Wally Bock and Art Petty connect to talk about their favorite, unknown books on this latest episode of the Leadership and Management Book Talk podcast. In what is never a surprise, they come at the topic from opposite ends of the spectrum.
Art Petty and Wally Bock talk about some of the later books in Jim Collins' Good to Great Series: How the Mighty Fall and Great by Choice. Both of us agree, one is a great business book and highly relevant for our world today.
In this article, I make the case we've been developing and valuing the wrong qualities in our organization's leaders. We need to focus on a new style of leadership—leading for resilience.
Interestingly, the most important advice I ever received from a mentor about leading and succeeding was all about strengthening my communication skills.
Join us for a great session on a career and leadership critical topic: strengthening as a listener. We're live-online at 11:00 a.m. central on 5/21 with Fierce Listening: The Key to Leadership and Career Success.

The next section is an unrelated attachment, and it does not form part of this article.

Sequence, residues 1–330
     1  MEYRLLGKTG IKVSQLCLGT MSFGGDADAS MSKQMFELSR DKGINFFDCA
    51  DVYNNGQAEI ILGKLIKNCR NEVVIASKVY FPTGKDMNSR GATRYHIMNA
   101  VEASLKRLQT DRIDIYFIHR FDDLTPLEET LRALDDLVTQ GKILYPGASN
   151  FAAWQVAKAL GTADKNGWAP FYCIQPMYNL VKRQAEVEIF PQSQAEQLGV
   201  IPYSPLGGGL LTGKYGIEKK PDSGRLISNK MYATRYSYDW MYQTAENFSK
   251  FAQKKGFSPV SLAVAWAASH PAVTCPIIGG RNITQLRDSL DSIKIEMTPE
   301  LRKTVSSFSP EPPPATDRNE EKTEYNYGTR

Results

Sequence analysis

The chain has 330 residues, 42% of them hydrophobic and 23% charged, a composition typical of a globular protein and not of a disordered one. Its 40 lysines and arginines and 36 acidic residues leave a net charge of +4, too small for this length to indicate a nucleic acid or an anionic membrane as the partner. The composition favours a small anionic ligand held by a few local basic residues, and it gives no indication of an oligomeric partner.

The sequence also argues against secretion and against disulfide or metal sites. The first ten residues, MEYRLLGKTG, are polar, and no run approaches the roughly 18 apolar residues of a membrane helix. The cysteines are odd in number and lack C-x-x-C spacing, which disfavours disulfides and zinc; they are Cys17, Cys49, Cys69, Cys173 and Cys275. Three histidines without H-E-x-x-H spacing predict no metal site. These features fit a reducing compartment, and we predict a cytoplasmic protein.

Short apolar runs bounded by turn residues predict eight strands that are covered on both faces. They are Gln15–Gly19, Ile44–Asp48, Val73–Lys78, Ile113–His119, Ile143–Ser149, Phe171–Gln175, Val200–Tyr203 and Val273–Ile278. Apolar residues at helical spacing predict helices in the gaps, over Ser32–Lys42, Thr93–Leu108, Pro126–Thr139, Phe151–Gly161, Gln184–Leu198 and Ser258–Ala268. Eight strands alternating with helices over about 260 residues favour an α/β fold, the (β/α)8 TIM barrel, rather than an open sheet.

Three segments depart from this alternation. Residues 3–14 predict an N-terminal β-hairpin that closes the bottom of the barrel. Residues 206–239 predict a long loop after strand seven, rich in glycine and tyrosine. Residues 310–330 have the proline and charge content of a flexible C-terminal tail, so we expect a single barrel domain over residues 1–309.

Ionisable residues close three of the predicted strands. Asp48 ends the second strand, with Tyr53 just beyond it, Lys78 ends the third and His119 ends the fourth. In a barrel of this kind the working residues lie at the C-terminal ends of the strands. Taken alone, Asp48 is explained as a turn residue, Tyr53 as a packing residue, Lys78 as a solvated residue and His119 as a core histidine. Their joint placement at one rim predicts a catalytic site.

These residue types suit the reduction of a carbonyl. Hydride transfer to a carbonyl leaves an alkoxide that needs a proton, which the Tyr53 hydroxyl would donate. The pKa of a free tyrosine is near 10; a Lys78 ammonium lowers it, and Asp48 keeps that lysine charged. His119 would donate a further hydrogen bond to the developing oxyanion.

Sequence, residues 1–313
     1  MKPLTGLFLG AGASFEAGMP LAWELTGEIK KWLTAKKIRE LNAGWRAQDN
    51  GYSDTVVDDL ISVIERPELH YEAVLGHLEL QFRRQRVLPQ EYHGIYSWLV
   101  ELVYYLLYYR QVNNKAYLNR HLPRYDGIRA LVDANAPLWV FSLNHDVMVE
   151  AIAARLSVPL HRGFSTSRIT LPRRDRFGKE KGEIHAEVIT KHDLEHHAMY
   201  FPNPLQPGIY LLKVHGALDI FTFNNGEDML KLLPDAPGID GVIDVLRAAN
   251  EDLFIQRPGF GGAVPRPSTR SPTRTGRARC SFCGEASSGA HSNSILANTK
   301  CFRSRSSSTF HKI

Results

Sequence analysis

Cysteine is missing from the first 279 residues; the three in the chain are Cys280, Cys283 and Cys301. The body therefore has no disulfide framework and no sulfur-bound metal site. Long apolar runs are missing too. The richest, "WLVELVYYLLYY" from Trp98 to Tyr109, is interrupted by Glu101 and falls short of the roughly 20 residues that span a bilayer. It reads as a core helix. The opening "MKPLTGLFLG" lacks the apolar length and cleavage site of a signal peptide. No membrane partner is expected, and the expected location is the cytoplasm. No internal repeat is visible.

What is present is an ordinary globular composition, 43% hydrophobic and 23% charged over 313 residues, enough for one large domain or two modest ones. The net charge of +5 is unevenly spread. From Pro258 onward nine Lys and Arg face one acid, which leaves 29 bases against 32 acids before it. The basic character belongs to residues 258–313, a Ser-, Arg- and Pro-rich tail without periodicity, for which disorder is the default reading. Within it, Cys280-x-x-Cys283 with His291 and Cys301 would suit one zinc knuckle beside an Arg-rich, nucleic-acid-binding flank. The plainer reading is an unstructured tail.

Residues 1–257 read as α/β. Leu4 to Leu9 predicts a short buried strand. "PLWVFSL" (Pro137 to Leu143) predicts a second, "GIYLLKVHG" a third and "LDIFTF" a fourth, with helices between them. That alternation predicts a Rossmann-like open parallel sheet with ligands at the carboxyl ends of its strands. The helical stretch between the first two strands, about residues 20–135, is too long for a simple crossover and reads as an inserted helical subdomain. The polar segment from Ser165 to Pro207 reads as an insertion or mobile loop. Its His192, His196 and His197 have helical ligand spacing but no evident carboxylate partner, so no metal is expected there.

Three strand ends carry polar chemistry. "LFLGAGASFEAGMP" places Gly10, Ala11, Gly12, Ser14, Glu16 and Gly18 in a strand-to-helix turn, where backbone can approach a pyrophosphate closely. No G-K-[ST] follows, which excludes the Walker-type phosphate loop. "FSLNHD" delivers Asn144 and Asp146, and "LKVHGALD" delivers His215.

There's a lot of stress to go around in our organizations right about now. What you don't need to do is invite more pressure to your party by holding yourself accountable for having all the answers. Sometimes, you have to ask for help.
Art Petty and Wally Bock connect on this episode of the Leadership and Management Book Talk podcast to offer our thoughts on building your professional library.
Anyone who has been on a team they might reasonably describe as "high-performance" understands how rare these experiences are in the workplace. Add in the challenges of groups new to virtual collaboration, and the potential for underwhelming outcomes rises considerably. However, with a few essential adjustments, the team leader and members can counteract the team development challenges and live to prosper together.
In the sweep of recent history, there's a familiar theme: almost no one and no nation is ever prepared for a crisis. If you read history, it's clear we celebrate crisis leaders for their resilience and creativity in helping people survive and sustain. However, I wonder just a bit why we don't do a better job creating leaders who prepare for and even prevent crises in the first place.
In talking with top executives, it’s no surprise that one of the biggest challenges they are facing is transferring their well-established operating routines into an online/virtual format. Many managers are learning their well-honed cadence and schedule of activities to review, plan, and communicate no longer works in a virtual world.